As we slowly box up our house for our move from Denver to Milwaukee, it seems as though I’m not just closing the lid on the Colorado chapter of our lives. I am also shutting the door to my youth.
Flipping through photo albums (real ones not digital), I marvel at the fresh, hopeful, totally wrinkle-free faces that gaze leisurely back at me. How smooth my skin was, how smoking hot my husband was, how freely we smiled.
We weren’t children when we moved to Colorado, but this sunny state is where we became adults. Here is where we owned our first home, created a family, said goodbye to two dear cats (our first children), and created friendships that will last our lifetimes. It’s where we built a marriage that is both surprisingly resilient yet always vulnerable.
The moving truck doors will close just months before we turn 40. It will contain almost nothing that crossed the country the first time around, except our nearly 18-year-old cat, an assortment of random dishes and likely some of my husband’s ripped, old Levis.
It is both refreshing to consider our new adventure and saddening. The nostalgia is palpable. Today, my husband chopped up our dark green, oversized couches, and we both feel the loss.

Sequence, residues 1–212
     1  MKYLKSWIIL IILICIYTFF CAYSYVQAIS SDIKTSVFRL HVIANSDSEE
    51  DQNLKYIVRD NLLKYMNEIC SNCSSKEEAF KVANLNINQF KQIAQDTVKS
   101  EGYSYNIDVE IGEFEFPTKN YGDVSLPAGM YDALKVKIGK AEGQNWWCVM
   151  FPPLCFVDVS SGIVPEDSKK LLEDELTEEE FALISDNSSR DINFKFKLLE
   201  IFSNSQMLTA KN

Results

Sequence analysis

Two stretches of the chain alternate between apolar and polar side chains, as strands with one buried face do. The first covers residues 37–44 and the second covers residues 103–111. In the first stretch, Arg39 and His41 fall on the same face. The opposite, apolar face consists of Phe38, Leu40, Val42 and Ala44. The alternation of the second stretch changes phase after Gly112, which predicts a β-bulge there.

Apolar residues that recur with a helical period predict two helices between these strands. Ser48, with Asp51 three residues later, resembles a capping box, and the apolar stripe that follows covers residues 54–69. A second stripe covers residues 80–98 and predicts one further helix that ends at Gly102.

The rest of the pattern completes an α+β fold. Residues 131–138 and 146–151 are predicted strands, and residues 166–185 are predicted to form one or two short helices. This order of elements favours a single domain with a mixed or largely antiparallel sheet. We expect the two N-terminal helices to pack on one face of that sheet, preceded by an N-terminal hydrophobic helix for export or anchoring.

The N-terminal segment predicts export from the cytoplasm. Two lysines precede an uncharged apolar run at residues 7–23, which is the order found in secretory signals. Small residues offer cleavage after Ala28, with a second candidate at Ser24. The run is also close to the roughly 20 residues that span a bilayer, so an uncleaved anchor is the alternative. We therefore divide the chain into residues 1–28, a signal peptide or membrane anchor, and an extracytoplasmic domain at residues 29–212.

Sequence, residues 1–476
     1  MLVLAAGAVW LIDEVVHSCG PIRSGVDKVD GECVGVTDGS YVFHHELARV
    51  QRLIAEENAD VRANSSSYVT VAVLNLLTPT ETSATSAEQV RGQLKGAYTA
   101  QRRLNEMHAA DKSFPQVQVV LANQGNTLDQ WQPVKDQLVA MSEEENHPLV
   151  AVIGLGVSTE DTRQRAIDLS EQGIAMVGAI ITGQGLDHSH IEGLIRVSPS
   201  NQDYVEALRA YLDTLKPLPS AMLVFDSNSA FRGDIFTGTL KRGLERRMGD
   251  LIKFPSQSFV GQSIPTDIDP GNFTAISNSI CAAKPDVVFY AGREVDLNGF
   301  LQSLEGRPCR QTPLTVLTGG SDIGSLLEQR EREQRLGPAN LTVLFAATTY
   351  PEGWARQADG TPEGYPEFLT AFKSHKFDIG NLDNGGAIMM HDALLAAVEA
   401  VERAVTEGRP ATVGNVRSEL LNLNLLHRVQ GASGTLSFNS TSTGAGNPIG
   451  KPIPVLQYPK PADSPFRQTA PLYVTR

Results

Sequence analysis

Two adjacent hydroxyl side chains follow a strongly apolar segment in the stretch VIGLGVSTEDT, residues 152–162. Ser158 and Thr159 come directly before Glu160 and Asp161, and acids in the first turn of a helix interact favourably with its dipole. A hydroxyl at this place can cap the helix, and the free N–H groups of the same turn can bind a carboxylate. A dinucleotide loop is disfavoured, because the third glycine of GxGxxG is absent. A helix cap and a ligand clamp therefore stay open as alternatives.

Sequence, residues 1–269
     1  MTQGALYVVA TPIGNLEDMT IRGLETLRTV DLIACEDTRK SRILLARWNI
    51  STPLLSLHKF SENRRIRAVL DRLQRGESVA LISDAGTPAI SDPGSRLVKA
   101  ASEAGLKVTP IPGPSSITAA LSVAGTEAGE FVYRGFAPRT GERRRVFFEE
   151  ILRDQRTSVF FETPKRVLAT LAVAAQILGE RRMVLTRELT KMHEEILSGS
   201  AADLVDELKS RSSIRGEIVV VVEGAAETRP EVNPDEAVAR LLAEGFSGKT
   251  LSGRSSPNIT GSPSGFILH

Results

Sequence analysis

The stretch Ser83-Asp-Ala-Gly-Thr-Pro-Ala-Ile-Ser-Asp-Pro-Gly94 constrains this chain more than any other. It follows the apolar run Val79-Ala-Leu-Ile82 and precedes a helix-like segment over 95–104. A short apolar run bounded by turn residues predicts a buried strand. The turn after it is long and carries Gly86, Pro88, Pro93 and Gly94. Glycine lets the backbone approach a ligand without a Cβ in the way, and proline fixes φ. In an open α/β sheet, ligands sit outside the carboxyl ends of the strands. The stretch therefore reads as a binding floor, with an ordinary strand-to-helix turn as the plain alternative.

Those couches arrived in his 400-square-foot apartment in Milwaukee just two months after we began dating, nearly 16 years ago. They were deep enough for us to lie side by side watching a movie, back in the days when we had seemingly infinite time and desire to curl up next to each other. They provided comfort on the nights when we were in the heat of battle and wouldn’t share a bed.
The couches are where my husband napped with our newborn daughter tucked in the crook of his arm. They are where our cantankerous tabby, Sasha, gone three years ago this month, sprawled along the back, cleaning my freshly shampooed hair and gently resting her paw on my cheek.
It’s funny how when you chop up pieces of furniture, you discover so many memories hidden among the pennies and crumbs.
My husband and I are no longer a naïve couple ready to embrace the newness of marriage in a new place. We have more wrinkles. He has less hair on his head; I have more on my chin. We have scars from wounds that healed but may not ever be completely forgotten. We now have a history of tears and joy that can’t be boxed up, one that is contained only within the crevices of our minds.
For better and for worse, we are the same young people who moved here and yet we are also indescribably different. A cynic might say that Colorado stole our youth. I say it’s the place where we became one.
The irony that we are moving just blocks away from that studio apartment where “we” began one hot August night is not lost on me. Who will we be and what will we learn about ourselves and each other this time around?